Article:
So possibly, there’s a lesson here for journalism. Readers were thrilled to learn from progressive outlets, including The Intercept, about Ocasio-Cortez’s campaign. Yes, the president of the United States is a dumber, oranger version of Richard Nixon, and most members of Congress are Uriah Heep with extra unctuousness. But there are thousands of elected offices across America, with dozens if not hundreds of candidates that deserve the same recognition Ocasio-Cortez is now receiving. There is Theranos, but there is also AeroFarms, a company that grows greens in a vertical farm in a former steel warehouse in Newark, New Jersey. There are rapacious corporations whose DNA requires them to destroy the biosphere, but there also attempts across the country to invent new forms of organized commerce with different incentives. There are hideous ideas gaining ground, but also little-known wonderful ones. If we can avoid destroying ourselves, there are rational reasons to believe our future is bright.
This doesn’t mean we need mindless optimism or to abandon exposés. But progressives are not serious if we don’t understand that, while despair works for conservatives, we need some hope about human potential.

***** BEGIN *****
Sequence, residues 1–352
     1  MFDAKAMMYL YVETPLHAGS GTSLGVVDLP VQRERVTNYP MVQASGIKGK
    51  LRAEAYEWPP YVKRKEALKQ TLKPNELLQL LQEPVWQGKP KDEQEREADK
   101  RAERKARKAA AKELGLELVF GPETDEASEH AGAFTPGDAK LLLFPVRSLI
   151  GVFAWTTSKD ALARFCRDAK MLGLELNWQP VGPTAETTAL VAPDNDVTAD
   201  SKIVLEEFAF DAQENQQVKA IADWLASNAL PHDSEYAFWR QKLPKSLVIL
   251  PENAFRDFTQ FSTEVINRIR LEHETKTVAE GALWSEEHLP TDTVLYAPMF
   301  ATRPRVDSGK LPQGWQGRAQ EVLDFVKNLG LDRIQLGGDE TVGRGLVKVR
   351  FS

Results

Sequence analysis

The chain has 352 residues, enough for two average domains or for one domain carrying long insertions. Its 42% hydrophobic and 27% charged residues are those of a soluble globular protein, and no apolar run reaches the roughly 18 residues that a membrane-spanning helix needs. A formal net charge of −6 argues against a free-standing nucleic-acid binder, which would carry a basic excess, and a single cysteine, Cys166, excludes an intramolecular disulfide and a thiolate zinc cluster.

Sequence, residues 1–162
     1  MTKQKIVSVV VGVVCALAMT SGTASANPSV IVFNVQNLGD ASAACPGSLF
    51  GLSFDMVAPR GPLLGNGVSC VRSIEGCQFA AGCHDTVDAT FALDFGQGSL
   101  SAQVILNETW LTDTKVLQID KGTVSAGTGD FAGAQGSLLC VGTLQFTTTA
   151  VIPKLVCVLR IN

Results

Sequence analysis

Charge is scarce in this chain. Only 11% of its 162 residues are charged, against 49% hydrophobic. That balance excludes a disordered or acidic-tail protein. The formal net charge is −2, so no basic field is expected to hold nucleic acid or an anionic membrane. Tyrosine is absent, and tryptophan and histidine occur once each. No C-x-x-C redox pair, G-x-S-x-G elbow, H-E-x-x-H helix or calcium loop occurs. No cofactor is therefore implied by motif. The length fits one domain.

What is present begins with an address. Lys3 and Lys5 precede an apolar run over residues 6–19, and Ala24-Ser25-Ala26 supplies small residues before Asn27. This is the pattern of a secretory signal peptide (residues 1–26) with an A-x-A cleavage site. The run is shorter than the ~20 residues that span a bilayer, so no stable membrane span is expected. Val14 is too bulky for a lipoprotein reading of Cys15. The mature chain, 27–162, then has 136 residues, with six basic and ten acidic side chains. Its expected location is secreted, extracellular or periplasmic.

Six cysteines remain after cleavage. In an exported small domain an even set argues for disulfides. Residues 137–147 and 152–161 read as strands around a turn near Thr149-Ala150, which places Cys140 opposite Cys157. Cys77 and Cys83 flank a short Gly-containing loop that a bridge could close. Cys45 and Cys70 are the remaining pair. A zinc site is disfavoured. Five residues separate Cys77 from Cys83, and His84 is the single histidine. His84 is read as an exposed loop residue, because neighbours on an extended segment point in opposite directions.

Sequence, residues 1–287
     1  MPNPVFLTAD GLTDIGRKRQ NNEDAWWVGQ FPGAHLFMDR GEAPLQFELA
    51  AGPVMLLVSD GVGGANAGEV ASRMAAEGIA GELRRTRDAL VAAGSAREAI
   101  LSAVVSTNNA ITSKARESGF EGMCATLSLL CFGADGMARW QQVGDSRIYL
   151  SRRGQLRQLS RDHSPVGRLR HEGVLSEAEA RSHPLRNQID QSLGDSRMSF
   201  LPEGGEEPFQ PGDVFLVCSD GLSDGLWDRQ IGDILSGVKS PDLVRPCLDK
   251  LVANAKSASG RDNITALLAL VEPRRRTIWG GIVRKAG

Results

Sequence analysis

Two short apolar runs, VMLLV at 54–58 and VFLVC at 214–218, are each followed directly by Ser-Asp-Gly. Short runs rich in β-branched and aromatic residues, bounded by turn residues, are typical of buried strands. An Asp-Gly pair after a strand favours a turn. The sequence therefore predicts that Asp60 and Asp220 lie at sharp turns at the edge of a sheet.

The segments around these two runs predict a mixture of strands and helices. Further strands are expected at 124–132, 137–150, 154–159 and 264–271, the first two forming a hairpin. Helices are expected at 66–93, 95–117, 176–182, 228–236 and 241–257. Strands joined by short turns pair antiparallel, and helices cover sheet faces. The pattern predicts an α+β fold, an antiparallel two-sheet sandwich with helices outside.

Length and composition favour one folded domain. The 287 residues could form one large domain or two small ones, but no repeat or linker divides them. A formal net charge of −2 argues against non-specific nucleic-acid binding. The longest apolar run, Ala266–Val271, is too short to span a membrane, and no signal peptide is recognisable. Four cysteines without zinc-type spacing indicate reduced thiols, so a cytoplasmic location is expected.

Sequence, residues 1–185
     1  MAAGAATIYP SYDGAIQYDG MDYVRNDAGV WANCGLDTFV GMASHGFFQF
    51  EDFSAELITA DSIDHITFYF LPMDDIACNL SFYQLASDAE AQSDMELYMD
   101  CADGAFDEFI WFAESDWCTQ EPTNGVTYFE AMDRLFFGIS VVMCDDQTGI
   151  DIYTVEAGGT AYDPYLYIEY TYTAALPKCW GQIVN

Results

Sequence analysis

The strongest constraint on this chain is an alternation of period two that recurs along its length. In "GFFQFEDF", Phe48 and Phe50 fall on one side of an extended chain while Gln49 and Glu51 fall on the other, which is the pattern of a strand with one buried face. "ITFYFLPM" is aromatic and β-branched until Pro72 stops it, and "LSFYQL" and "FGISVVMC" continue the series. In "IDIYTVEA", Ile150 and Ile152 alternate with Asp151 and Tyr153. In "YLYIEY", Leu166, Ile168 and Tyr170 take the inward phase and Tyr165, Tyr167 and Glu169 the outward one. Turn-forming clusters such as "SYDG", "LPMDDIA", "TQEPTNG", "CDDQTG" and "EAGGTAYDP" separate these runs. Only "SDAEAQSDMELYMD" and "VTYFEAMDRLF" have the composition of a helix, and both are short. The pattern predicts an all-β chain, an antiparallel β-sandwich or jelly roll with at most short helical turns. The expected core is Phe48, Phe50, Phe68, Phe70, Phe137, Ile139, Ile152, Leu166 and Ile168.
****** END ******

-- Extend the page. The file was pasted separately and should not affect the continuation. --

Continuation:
You don’t have to take it from me, though — take it from Thomas Jefferson, who wrote the Declaration of Independence promulgated 242 years ago today. Decades later, at the end of his life, he wrote a letter to Henry Lee IV delineating the two types of political worldviews:
Men by their constitutions are naturally divided into two parties. 1. those who fear and distrust the people, and wish to draw all powers from them into the hands of the higher classes. 2dly those who identify themselves with the people, have confidence in them cherish and consider them as the most honest & safe, altho’ not the most wise depository of the public interests. in every country these two parties exist, and in every one where they are free to think, speak, and write, they will declare themselves. call them therefore liberals and serviles, Jacobins and Ultras, whigs and tories, republicans and federalists, aristocrats and democrats or by whatever name you please; they are the same parties still and pursue the same object. the last appellation of artistocrats and democrats is the true one expressing the essence of all.
Why was Jefferson saying all this? To explain why he was willing to subscribe to Lee’s new newspaper, which would support the “democrats” worldview.
(However, like any sensible person, Jefferson did emphasize – “I have sometimes subscribed for the 1st year [of newspapers] on the condition of being discontinued at the end of it, without further warning” – that he didn’t want his subscription to auto-renew.)